“Cinnamon challenge” could harm health

By Shayna Brouker • Published: July 9th, 2013
Category: Health in a Heartbeat

It’s the latest fad kids are pulling these days: swallowing a spoonful of cinnamon in a minute without a drink, then inevitably coughing up the stuff — and capturing it all on videos that have gone viral on the Internet at the tune of more than 51,000 YouTube clips. But this silly stunt can have serious health implications, the least of which is a burning throat and a bad cough.

It’s known as the “cinnamon challenge” but nothing about it is worthy of accolades — and it’s landed some pranksters in the hospital, reports the journal Pediatrics. At least 30 cinnamon challengers needed medical attention in 2011.

The concern is that cinnamon not only irritates mucous membranes but could cause permanent damage if inhaled into the lungs. Cinnamon is composed of cellulose fiber that doesn’t break down in the lungs. It’s unclear whether people who try this challenge will be scarred for life, but animal studies revealed that a single dose of cinnamon “dust” triggered lasting lung inflammation, thickening and scarring.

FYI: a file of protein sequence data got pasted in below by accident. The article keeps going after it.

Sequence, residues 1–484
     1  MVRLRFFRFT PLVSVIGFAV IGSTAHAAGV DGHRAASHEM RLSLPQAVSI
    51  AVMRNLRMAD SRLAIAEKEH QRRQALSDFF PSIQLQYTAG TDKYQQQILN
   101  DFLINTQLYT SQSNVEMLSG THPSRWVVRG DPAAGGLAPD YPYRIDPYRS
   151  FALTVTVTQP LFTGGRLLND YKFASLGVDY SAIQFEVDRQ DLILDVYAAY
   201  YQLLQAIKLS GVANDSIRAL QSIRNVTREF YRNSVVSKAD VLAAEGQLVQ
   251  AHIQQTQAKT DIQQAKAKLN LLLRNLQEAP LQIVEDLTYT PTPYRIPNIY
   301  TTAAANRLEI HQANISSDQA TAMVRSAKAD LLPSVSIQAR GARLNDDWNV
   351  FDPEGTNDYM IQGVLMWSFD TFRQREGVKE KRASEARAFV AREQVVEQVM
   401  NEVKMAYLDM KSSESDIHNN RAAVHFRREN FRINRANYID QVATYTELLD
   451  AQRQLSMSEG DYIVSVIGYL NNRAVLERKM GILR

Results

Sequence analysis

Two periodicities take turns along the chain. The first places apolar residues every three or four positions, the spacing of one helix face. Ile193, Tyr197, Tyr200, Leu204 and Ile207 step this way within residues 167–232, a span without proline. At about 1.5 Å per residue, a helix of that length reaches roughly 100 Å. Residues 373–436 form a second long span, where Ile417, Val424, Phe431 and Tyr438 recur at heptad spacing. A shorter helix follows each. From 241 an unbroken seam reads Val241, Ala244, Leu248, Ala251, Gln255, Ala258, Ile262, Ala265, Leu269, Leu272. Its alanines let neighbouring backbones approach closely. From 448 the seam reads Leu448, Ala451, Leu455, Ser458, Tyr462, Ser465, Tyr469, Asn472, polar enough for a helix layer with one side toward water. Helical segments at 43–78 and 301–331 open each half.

In addition, if challengers throw up, they could accidentally inhale their own vomit. That experience could lead to an infection known as aspiration pneumonia. Several challengers have ended up with collapsed lungs and on ventilators in the hospital.

A silly game can easily turn into a trip to the E-R. And cinnamon isn’t the only kitchen product kids are getting their hands on for a cheap thrill — even marshmallows are a toy. The “chubby bunny” game involves kids stuffing as many marshmallows into their mouth as they can, and trying to say “chubby bunny.” Two kids have choked to death playing this seemingly innocent game.

Other seemingly innocuous offenders in your kitchen cabinets include ground nutmeg, aerosol whipping cream and cooking spray, and even hand sanitizer. Make sure kids are aware of the dangers — and keep an eye on your kitchen supplies.